By John Danaher
Posted: Mar 19, 2016
What was Apple thinking when it launched the iPhone? It was an impressive bit of technology, poised to revolutionise the smartphone industry, and set to become nearly ubiquitous within a decade. The social consequences have been dramatic. Many of those consequences have been positive: increased connectivity, increased knowledge and increased day-to-day convenience.
A considerable number have been quite negative: the assault on privacy; increased distractability, endless social noise. But were any of them weighing on the mind of Steve Jobs when he stepped onstage to deliver his keynote on January 9th 2007?
Some probably were, but more than likely they leaned toward the positive end of the spectrum. Jobs was famous for his ‘reality distortion field’; it’s unlikely he allowed the negative to hold him back for more than a few milliseconds. It was a cool product and it was bound to be a big seller. That’s all that mattered. But when you think about it this attitude is pretty odd. The success of the iPhone and subsequent smartphones has given rise to one of the biggest social experiments in human history. The consequences of near-ubiquitous smartphone use were uncertain at the time.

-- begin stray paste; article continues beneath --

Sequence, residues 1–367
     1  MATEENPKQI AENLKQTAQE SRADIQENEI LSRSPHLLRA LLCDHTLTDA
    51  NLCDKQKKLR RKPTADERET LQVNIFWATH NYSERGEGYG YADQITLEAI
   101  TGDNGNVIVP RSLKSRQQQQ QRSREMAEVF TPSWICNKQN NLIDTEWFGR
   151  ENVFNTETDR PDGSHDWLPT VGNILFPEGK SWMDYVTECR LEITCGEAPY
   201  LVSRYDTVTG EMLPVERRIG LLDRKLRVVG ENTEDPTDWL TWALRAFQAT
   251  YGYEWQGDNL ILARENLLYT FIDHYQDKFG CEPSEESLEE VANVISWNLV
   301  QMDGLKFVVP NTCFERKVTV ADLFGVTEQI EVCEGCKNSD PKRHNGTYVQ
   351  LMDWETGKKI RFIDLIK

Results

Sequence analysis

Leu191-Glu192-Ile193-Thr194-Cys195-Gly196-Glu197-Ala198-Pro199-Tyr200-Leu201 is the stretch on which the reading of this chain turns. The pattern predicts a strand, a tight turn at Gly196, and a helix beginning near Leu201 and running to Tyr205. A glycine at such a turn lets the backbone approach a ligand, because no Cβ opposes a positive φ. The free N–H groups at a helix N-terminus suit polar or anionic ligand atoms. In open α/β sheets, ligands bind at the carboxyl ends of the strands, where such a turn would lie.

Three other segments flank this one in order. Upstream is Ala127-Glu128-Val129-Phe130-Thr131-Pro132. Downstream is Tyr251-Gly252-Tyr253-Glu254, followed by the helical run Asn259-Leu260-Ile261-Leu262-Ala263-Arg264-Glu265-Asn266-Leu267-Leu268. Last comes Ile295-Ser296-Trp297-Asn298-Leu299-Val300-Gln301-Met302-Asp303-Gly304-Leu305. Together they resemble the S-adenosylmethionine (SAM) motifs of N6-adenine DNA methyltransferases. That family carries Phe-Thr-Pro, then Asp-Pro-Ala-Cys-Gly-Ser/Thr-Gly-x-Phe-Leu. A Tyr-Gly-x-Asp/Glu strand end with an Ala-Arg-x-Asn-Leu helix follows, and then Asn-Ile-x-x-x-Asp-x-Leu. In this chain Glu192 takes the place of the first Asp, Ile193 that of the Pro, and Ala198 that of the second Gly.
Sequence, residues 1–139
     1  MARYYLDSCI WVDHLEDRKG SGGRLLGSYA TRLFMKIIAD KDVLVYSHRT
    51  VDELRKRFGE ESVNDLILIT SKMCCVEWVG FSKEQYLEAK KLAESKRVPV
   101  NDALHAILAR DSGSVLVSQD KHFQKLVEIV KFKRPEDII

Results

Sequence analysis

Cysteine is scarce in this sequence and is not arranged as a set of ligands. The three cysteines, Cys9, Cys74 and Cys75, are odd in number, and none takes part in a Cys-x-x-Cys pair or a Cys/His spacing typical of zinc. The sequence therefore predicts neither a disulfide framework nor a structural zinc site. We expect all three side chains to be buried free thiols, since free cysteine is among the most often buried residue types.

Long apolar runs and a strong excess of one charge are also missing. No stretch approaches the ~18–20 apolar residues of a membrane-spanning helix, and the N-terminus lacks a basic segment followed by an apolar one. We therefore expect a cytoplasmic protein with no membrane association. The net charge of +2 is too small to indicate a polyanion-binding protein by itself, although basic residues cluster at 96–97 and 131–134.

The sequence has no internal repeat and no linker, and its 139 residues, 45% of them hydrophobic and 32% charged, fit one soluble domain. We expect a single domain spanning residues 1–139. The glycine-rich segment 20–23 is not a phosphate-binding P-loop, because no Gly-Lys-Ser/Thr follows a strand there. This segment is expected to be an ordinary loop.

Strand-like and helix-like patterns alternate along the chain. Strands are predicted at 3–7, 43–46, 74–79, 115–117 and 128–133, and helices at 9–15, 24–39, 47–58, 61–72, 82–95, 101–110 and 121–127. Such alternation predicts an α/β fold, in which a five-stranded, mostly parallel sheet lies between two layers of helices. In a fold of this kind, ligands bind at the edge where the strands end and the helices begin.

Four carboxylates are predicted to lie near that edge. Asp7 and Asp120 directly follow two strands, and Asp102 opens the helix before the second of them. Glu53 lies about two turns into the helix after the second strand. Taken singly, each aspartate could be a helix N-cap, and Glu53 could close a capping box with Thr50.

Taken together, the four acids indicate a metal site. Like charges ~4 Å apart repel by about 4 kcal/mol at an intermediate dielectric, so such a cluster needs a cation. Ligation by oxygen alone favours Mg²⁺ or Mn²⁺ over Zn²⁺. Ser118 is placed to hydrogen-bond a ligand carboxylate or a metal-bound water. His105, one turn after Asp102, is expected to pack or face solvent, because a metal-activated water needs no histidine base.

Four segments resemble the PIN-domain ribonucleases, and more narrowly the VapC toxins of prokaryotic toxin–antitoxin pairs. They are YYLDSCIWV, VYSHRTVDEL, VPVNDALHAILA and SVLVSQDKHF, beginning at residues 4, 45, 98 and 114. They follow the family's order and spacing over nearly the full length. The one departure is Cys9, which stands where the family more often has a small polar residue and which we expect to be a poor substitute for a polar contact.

The article is here.